Web Hosting Turned Upside Down

Web Hosting Turned Upside Down

You can safely forget most of the dire warnings you have read on the Internet about the perils associated with the selection of an Internet web hosting provider. The greater peril faced by new Internet business upstarts is far more likely to be their own lack of experience running a web site than poor quality web hosting service. That isn’t to say that poor quality web hosting can’t be found if you look hard enough but experienced web masters know that Murphy’s Law rules the Information Technology world and they plan accordingly. In this article we peek behind the Wizard of Oz web-hosting curtain to see what is really going on.

Most web hosting reviews are focused on showing you the tiny differences between a virtual web hosting account that costs .95 per month verses one that costs .95 per month. That cost difference might be important for your own personal web site but if per month really makes or breaks your business model, perhaps it is time to rethink things. If you are really worried about getting stuck by a poor quality web-hosting provider visit your favorite Usenet server such as Google Groups, and look for user postings about your prospective vendor. If you find lots of the vendor’s customers ranting and raving first take a look at the date(s) of the postings. Things may have changed. Next, consider the source. Is the poster someone with years of experience or a newbie? Was the poster expecting to pay .95 monthly but actually needed 0 per month of technical support? Realistic expectations go a long way toward making a happy customer and often this comes right back to experience.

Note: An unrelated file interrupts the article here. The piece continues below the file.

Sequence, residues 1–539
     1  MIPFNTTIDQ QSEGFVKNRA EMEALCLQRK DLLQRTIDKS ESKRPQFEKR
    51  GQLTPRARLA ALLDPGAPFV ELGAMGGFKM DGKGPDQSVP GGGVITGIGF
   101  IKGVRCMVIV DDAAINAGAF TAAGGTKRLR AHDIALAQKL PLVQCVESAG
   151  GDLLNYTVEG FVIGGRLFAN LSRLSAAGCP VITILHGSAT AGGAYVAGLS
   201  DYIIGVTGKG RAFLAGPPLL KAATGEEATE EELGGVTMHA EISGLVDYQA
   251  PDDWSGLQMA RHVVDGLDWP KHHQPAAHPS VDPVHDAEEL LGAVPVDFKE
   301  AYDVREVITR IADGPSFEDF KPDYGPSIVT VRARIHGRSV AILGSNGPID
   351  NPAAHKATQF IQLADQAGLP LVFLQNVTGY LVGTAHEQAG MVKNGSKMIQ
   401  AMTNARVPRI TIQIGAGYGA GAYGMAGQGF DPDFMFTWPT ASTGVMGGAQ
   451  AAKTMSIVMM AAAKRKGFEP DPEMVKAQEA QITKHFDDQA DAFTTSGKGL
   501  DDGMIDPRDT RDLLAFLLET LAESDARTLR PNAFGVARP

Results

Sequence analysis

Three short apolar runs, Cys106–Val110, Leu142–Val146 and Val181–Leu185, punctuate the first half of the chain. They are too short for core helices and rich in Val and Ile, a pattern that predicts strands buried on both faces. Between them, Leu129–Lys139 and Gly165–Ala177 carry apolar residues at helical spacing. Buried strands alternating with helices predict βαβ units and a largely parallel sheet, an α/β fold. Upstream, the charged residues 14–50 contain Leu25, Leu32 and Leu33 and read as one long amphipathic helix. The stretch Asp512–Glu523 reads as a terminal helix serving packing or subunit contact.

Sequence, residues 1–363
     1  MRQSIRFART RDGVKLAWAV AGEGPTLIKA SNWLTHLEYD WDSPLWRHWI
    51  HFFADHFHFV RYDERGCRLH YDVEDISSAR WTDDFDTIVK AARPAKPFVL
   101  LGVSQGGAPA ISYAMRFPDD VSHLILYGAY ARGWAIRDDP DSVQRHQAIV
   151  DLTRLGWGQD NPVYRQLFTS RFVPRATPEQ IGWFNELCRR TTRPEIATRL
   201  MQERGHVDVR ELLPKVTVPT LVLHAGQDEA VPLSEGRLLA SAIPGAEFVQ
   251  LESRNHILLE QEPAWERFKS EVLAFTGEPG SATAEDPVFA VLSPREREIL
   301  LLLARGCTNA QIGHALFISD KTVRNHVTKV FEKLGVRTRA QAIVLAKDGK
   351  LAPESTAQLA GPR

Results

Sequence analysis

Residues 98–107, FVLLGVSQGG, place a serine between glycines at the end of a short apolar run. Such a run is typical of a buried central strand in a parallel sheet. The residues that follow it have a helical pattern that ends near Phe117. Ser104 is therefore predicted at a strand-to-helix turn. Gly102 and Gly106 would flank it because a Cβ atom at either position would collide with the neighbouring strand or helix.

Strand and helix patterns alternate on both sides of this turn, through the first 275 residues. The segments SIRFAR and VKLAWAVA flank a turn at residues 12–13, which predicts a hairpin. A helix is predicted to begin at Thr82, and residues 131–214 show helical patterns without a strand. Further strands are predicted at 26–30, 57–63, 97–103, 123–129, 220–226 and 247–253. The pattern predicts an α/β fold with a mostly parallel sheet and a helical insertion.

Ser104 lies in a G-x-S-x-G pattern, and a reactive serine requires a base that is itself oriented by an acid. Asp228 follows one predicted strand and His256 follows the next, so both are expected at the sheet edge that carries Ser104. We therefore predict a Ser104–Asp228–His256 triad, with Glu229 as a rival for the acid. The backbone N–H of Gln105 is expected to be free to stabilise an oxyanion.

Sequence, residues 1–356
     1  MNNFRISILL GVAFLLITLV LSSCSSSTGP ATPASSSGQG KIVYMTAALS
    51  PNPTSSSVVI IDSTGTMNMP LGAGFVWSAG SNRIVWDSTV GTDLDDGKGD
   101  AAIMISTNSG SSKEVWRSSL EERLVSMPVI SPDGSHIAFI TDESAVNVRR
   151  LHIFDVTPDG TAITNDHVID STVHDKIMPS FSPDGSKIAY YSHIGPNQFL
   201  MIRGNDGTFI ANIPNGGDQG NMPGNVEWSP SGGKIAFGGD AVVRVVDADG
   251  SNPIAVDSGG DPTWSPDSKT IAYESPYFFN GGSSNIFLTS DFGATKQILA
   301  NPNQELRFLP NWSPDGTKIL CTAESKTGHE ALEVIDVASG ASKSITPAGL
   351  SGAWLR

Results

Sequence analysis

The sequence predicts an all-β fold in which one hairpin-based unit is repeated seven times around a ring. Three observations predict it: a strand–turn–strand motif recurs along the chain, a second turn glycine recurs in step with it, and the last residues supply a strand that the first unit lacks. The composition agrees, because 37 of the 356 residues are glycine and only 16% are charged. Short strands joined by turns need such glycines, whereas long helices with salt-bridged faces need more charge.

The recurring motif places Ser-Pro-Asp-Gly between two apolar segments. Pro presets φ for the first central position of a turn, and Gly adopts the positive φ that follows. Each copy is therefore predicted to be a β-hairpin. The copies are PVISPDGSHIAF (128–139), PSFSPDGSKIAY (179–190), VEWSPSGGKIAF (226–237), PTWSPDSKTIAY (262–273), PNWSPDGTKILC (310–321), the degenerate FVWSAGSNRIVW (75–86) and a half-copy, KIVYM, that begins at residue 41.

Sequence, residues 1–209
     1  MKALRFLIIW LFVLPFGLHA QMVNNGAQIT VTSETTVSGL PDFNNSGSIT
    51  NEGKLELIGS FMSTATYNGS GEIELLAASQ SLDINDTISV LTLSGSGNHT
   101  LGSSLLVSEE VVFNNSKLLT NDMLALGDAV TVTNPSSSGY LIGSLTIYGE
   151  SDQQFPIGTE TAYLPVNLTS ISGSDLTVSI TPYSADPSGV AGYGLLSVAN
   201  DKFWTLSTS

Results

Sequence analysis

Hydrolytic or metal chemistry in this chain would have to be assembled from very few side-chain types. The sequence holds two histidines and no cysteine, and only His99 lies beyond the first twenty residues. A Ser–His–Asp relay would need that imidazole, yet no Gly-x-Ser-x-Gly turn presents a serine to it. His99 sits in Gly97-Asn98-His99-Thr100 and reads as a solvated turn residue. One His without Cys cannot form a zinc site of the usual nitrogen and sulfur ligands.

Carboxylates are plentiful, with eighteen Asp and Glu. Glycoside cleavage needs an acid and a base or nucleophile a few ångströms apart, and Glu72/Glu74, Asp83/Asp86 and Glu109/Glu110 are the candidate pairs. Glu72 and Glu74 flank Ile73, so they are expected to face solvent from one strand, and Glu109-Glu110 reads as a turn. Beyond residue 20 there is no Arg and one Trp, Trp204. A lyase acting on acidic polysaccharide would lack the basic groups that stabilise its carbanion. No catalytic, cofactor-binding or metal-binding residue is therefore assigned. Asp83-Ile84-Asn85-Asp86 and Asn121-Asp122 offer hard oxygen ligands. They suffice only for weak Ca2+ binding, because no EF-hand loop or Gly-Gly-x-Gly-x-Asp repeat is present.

Conventional web hosting reviews are focused on differentiating among largely irrelevant parameters such as noting the hosting provider that offers 600 Gb of storage space from those offering only 500 Gb. Likewise, vendor data transfer limits are differentiated even when multiple competitors are in the range of say 6000 Gb monthly. The overwhelming majority of new web sites won’t even use 10% of the aforementioned resources during the first year of operation. Thus, it is important to focus on your specific business requirements. Instead of comparing parameters that are for all practical purposes useless to your business, take time to evaluate vendors based upon their ability to provide more of any resource you may actually need. If you really might need more monthly bandwidth will it be available at a reasonable price? Look for a vendor that has a wide range of capabilities so that if you initially develop your site using FrontPage Extensions but later switch to Dreamweaver and Flash, it can still be supported without changing vendors. Take advantage of a vendors strengths. If Netcraft shows that a vendor’s own web hosts are running on FreeBSD servers, chances are good that this vendor will have excellent quality Unix skills even if they are kept hidden from answering trouble calls.

Integrate your web hosting activities with web development. If you are outsourcing web programming and database development, go one step further and outsource the activities associated with web hosting. This approach can significantly reduce business risks, such as outages caused by not keeping timely backups, often caused by inexperience. For those who wish to do their own web site maintenance, consider implementing a content management system (CMS) such as Drupal or Joomla. A CMS can significantly lower your development and maintenance costs.

Finally, keep in mind that while great web hosting is a fundamental underpinning of any successful online business, your ability to attract and convert targeted traffic via search engine optimization, pay per click, and the acquisition of relevant links will ultimately determine the results.

©2008 Peach ePublishing, LLC

Jason Canon over 20 years of hands-on computer networking experience. He has authored numerous technical publications including: photonic switching, gigabit networking, VoIP E9-1-1 and others. He is an expert author for EzineArticles.com and Vice-President of Technology Research for iTechGuide. E-mail: jmc at iTechGuide.com.